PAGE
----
Wrapped Loops

Wrapped Loops

You can create your own wrapped loops!

The photographs are of work with 20 gauge wire, although the technique can be used with other gauges of wire.

You’ll use three tools:

1. Round-tipped pliers sometimes called “rosary pliers”
2. Chain-nose or ‘straight’ pliers
3. Good flush cutter (a wire cutter capable of cutting cleanly, the best you can afford)

To start a wrapped loop, bend 1-1/4” of wire at an L-shaped angle with your chain-nose pliers.

Right at the bend, grip gently between jaws of round-tipped pliers. Bend the angled inch of wire over the top of one of the round-tipped pliers’ jaws.

You’ve made the top part of the loop, now make its underside. Take the top jaw out of the wire. Wrap under and around the lower jaw to form the underside.

Hold the loop in a gentle grip with your chain-nose pliers, lengthwise. With the very tip of your round- tipped pliers, grab the little tail and wrap twice, two neat wraps at the base of the loop.

After you’ve wrapped the loop, use your flush cutter to trim off excess wire.

If you’re making a link with wrapped loops on either end: thread the bead onto the wire with the wrapped loop you’ve just made, and pinch the bead so that its base is firmly against the wrapped loop.

Bend the wire coming out of the bead at an angle, wrap over top and bottom of the jaw of the round-tipped pliers and wrap twice around, just as you did at the beginning of making the link. Work step-by-step, and use the proper tools at each step, and you will have consistent and attractive wrapped loops.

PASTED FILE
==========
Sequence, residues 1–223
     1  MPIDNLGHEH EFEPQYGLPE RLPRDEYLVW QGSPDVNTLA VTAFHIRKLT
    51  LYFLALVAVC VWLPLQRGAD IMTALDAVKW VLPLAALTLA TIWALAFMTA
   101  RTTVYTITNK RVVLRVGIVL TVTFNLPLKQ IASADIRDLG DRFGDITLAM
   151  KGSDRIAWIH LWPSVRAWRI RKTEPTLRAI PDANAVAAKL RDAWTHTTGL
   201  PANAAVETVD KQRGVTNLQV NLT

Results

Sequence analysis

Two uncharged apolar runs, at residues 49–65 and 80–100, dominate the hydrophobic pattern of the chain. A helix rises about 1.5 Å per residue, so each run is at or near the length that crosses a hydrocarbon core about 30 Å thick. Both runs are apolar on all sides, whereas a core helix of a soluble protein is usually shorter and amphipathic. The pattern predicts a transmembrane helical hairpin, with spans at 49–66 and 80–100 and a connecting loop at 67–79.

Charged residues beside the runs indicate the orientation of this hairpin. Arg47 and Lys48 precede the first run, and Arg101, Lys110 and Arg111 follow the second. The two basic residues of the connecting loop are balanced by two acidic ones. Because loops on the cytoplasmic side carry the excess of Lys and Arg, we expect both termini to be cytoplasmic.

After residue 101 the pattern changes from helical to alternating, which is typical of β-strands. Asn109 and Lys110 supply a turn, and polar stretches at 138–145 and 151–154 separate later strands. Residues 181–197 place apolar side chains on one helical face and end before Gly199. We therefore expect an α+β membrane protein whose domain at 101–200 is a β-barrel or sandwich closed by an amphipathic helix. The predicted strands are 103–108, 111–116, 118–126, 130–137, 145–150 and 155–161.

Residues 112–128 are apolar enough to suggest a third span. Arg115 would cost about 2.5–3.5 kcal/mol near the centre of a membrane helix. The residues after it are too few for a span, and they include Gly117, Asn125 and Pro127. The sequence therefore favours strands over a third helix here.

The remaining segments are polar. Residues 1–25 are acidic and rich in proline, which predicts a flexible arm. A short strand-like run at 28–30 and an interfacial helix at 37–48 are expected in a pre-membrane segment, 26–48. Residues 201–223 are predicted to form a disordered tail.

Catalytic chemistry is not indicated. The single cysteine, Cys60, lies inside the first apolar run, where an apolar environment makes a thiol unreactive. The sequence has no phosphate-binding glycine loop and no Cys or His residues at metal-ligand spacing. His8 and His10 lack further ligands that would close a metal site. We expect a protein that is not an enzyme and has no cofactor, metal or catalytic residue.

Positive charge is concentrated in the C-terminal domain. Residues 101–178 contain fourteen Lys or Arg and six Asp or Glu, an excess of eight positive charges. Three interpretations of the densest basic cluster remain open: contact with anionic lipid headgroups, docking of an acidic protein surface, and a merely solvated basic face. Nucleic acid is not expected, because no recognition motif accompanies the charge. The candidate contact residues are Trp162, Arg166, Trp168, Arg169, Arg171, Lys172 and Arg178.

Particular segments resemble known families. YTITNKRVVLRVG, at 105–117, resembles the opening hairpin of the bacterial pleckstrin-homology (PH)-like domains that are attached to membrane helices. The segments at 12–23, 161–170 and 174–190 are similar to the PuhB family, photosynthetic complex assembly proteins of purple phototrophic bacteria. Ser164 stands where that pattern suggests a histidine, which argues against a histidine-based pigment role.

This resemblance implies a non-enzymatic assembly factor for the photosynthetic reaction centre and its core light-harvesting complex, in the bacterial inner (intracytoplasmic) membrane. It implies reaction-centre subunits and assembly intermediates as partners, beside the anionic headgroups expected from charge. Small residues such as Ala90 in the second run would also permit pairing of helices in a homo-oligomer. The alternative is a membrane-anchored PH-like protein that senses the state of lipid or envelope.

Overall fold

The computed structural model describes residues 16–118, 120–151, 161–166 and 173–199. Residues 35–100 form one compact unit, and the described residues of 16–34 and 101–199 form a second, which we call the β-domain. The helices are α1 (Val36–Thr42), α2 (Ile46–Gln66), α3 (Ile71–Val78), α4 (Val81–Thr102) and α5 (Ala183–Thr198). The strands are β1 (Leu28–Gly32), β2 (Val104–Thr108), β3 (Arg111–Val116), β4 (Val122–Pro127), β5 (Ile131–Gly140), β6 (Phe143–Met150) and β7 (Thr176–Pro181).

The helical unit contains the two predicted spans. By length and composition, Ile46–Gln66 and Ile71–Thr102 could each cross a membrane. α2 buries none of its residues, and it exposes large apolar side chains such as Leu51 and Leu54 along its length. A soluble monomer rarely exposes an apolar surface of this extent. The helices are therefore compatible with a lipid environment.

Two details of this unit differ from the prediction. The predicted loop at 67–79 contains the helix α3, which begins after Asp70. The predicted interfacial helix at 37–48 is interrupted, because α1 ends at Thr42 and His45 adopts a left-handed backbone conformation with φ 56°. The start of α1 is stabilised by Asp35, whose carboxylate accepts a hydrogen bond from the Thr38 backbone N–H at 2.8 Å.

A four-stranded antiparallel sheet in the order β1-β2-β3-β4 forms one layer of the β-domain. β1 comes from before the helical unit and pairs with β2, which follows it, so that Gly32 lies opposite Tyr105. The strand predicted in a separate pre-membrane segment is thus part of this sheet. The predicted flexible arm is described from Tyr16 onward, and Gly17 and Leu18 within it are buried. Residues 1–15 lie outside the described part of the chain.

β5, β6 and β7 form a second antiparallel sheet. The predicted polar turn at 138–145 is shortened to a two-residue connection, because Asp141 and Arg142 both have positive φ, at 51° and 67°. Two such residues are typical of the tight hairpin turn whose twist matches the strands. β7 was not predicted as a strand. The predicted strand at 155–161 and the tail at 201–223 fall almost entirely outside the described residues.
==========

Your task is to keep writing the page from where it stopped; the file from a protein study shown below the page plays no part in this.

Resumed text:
Make a five-petaled flower

Make a five-petaled flower

five-petaled flower earrings

Make a pair of five-petaled flower earrings!

Wire together five top-drilled beads to make a graceful five-petaled flower.

  • Skills needed: use of round-tipped and chain-nose pliers, and wire cutters
  • Tools: round-tipped pliers; flush cutters; chain-nose pliers
  • Materials (for pair of earrings)
  1.  two 20″ lengths of 26 gauge art wire
  2.  pair of earwires to match wire color (can be sterling silver, 14K gold-filled, or niobium, whatever matches best.
  3. eight matching 4 or 6mm pearls or round beads
  4.  ten matching beads, top-drilled side to side (briolette style).
    Top-drilled beads good as petals

    Use any top-drilled bead as a petal

Continue reading

Wire up a pendant with a Czech button

Wire up a pendant with a Czech button

Front view of pendant

Front view of pendant

Here is a way to use Czech buttons and wire to make a pendant. You will need 18 gauge wire for the frame and 26 gauge wire to secure the button to the frame. In this example I use art wire, although you may choose to use sterling silver, 14K gold-filled, or copper wire.  Art wire (my choice) is copper wire, sometimes silver-plated depending on the color, and always coated with a nylon-based enamel to keep it from tarnishing. It is sturdy in the larger gauges, and soft enough to bend with your hands. Continue reading

Double spiral links

These earrings are made with silver art wire, sterling headpins/earwires and pearls.

These earrings are made with silver art wire, sterling headpins/earwires and pearls.

I have been making spirals for years, but always wanted to make one with two loops, one on the top and one on the bottom. Make two spirals and lash them together to create a link with two loops, following these easy step-by-step instructions. Continue reading